You will read in the Bible that we, the people of the earth, all are brothers and sisters, children of one Father, and have to help each other. But in practice, religion sets you up to have enemies: people who believe different from you, who you don’t understand, don’t like, and may even hate. Instead of brothers and sisters, you look out on a whole world of enemies: pagans, Roman Catholics, fallen Protestants, bad Adventists, coffee drinkers, smokers, LGBTQ people, liberals, conservatives—you can add to that list.
In the region where I grew up there were no Roman Catholic churches closer than 200 miles from me. But when I was converted in 1991 and read our books and listened to our sermons, I learned that there was a group of people out there who hated me. Many of our books told me of this other religious organization whose people love tradition but not the Bible, who persecuted faithful Christians to death in the past, and they would do it again, this time to me.
My conversion blessed me with a whole world of new enemies I never knew I had!
Of course, these enemies were all in my mind. To this day I have not encountered any Roman Catholics who have bad intentions toward me or toward my church. They usually don’t know about us at all, and definitely don’t think about us as much, nor in such hostile ways, as we do them.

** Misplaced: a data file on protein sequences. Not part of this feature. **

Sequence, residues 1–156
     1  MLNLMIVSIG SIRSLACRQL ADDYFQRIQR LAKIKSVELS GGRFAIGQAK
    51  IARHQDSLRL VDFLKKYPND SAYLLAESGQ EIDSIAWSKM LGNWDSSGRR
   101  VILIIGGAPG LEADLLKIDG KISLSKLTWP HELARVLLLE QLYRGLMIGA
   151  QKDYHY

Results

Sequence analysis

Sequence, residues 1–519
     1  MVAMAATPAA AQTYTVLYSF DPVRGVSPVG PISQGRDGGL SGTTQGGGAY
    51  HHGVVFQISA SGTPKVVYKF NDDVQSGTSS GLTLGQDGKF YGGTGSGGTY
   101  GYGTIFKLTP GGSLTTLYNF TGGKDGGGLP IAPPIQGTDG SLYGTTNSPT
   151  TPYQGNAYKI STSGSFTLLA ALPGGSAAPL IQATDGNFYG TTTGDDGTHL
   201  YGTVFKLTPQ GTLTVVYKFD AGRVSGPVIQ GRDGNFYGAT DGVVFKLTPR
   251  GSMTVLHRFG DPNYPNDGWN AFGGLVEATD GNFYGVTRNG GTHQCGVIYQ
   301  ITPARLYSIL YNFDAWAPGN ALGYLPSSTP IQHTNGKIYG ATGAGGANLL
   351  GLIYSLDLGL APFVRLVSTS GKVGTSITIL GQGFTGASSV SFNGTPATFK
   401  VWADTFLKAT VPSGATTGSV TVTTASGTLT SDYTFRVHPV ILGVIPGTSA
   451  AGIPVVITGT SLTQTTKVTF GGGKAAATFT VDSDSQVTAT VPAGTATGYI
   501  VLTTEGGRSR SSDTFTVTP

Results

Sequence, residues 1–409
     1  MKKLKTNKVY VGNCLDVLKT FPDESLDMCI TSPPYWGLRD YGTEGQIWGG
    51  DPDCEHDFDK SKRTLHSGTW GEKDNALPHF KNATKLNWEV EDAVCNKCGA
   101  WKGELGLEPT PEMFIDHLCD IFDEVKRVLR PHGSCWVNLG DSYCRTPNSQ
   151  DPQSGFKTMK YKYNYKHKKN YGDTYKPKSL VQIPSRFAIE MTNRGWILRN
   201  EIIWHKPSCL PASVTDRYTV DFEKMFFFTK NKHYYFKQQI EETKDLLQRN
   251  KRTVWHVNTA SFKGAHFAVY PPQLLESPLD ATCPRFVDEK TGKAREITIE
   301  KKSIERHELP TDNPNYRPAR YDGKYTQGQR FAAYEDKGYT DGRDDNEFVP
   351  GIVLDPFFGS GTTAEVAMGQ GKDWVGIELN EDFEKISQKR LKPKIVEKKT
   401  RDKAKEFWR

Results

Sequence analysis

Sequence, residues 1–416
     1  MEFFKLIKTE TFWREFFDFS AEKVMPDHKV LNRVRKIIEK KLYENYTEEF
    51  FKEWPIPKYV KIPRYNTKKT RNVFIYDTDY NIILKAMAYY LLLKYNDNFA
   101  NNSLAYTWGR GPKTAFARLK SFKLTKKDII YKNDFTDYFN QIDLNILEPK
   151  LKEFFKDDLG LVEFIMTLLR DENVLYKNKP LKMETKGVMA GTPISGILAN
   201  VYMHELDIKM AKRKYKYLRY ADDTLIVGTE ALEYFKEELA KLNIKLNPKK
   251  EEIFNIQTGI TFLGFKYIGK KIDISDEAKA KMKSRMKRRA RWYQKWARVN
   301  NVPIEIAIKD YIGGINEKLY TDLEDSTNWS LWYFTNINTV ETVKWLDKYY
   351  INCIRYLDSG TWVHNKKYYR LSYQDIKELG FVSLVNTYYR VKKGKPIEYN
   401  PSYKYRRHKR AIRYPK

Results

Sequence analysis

Christianity should help us see that all people are neighbors, friends and relatives. And the church should teach us to love even our enemies. Often, though, it nurtures instead a spirit of superiority, making you think that you are better than other people who are not of the “remnant,” until all the non-believers and wrong-believers end up on your personal enemies list.
What to do?
Again, please understand that religion and church should make you a better person. But it is a delusion to suppose that going to church will automatically make one more kind, merciful and patient. Just as the church can help you develop virtues, it can also transform you into a beast if received and understood wrongly!
Jesus warned about evil spirits moving into an empty house. We should take his words seriously. Religion is not a righteousness pill. It can also do damage. We must take care that our faith shapes us in the right way.
Eugene Gerasimov, D.Min. is the pastor of the First Vitebsk Seventh-day Adventist congregation in Belarus. He is married to Dr. Olga Gerasimova, an ophthalmologist. They have a cat and a dog named Frodo and Gandalf.